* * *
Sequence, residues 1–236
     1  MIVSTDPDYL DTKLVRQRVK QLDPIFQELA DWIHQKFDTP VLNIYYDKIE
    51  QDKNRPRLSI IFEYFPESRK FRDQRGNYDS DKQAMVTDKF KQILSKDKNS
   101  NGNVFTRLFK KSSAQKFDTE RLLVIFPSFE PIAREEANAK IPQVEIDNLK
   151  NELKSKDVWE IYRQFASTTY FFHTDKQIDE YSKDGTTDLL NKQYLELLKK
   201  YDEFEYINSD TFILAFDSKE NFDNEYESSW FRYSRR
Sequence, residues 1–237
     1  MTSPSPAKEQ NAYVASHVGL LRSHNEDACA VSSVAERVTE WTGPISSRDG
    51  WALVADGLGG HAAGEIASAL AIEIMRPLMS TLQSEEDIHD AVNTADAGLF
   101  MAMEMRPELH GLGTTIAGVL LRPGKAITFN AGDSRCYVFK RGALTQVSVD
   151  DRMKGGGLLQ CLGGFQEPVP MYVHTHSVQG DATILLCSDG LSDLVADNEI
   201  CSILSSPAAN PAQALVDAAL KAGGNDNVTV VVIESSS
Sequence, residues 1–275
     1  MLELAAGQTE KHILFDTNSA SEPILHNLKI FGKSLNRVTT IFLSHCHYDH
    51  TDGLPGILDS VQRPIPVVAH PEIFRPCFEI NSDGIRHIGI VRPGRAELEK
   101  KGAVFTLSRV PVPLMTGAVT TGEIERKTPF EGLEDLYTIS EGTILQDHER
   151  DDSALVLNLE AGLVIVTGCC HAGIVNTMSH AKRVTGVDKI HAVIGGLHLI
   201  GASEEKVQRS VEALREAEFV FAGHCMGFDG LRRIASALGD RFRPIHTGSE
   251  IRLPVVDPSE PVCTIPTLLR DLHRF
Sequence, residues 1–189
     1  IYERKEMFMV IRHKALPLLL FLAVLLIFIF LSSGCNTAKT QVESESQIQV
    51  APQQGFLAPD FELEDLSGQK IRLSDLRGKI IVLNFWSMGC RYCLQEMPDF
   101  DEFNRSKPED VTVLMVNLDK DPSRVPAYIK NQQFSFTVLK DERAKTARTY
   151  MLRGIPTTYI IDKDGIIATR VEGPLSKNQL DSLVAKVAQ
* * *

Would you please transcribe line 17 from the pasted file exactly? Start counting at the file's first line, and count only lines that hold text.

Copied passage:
   151  DDSALVLNLE AGLVIVTGCC HAGIVNTMSH AKRVTGVDKI HAVIGGLHLI